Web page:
At first glance, it looks like a piece of the paper mache’ and mirror sculpture, “Os Saltimbancos” (“The Acrobats”), by Portuguese artist Jose’ de Guimaraes, has broken off. The brightly colored fragment lies on the floor next to the sculpture (see image below). Yet, an inquiry with the gallery’s security guard assures concerned museum goers that no, the sculpture isn’t broken. Instead, the fragment is placed purposely next to the sculpture so that blind and visually impaired visitors can explore the work of art by touching it. The same is true for another sculpture in the same gallery, “Marcelino Vespeira’s “O Menino Imperativo” (Imperative Boy”) which is exhibited with a replica right next to it. Visitors are free to touch the much smaller replica. Some original works can also be touched if the individual wears gloves.
In the past decade or so, museums in the United States and around the world have boosted efforts to make their institutions more accessible and inclusive for people with disabilities.
Museum educators at Lisbon, Portugal’s Calouste Gulbenkian Museum recently established a new tour especially for visually impaired and blind visitors to help them to experience the museum’s visual art. Special needs educator Margarida Rodrigues says the program for the blind is just one of the programs the museum offers for people with special needs. “We started by offering programs for people with mental illness,” says Rodrigues. Nowadays, the museum also offers programming for people who are blind, deaf, have cerebral palsy, autism and intellectual disabilities.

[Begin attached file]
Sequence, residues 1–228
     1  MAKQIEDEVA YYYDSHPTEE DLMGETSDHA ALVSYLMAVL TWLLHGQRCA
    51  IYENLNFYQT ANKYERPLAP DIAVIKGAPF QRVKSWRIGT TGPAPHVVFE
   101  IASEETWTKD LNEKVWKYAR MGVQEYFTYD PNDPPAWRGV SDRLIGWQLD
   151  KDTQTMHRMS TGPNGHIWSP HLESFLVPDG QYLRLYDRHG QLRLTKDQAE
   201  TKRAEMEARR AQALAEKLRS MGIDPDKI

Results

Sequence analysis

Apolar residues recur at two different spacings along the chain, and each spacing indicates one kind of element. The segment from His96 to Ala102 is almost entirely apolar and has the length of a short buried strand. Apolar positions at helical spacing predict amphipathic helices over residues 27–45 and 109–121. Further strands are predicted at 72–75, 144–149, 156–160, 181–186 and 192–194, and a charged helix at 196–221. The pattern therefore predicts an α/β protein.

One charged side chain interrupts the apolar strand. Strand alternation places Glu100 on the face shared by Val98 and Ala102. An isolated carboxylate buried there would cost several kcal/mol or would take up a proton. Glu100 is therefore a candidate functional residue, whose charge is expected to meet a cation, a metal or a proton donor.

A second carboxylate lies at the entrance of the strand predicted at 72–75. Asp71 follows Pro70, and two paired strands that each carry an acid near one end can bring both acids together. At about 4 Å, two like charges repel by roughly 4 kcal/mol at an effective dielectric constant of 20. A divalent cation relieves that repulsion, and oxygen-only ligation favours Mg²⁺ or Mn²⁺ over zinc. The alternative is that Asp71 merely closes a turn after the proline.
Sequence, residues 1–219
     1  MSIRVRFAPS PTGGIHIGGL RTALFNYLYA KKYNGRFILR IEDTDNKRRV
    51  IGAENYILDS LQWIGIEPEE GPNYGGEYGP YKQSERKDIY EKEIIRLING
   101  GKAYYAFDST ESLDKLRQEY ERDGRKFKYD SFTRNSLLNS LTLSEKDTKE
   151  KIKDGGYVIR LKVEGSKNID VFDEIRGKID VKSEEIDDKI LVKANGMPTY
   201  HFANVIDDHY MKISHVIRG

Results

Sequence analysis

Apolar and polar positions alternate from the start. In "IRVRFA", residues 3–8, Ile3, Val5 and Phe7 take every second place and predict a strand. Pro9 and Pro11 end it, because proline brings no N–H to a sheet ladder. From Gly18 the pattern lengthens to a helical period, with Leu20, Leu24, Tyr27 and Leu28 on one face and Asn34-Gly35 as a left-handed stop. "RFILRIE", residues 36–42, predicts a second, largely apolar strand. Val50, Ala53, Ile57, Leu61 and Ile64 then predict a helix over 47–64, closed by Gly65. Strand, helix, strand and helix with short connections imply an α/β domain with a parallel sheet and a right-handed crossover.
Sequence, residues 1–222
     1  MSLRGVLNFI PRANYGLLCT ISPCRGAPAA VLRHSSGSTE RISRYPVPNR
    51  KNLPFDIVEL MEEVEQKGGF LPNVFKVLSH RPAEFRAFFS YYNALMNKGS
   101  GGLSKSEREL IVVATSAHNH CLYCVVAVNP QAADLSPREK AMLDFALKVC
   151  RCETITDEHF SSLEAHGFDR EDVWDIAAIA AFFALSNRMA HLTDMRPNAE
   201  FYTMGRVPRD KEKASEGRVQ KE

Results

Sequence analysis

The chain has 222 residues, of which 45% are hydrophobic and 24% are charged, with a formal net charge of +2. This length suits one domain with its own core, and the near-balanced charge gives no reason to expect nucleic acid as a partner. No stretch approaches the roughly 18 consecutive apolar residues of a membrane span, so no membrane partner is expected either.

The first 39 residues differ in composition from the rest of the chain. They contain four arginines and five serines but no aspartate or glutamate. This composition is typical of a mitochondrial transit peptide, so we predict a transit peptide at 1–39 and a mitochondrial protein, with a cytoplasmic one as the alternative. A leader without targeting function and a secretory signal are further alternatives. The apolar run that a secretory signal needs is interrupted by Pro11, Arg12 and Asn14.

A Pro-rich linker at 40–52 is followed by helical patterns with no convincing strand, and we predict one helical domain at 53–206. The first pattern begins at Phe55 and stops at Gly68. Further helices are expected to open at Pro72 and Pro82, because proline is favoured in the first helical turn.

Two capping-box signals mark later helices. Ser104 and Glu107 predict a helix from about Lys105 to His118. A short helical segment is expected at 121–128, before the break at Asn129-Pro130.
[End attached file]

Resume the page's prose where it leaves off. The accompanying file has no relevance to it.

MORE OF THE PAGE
A partner of the Tandem Project, The Calouste Gulbenkian Museum is one of seven institutions representing seven countries that “meet to test, develop and share tools and new approaches for people with disabilities to explore museums. The project aims to support better understanding of inclusivity in education and ability to creatively deal with diverse groups of learners with and without disabilities,” according to Tandem’s website.
Rodrigues says the activities that she and Margarida Vieira, who oversees the activities program for the public with disabilities, offer for museum visitors “always kick off with a work of art.” Depending on the nature of visitors’ disabilities, activities may include a mix of drawing, movement, auditory and tactile experiences. Rodrigues says that the museum educators often use sound with visitors with cerebral palsy. “We ask ‘can sound have color? Can we grab sound?’ Feeling vibration is wonderful for people with CP. They relax, can control and mix sound, create an orchestra tech sound.”
The museum’s disability program helps visitors with disabilities “gain comfort in the museum… express themselves… and explore issues of identity and body image,” says Rodrigues. Perhaps most importantly, the program provides visitors with disabilities an opportunity to have fun!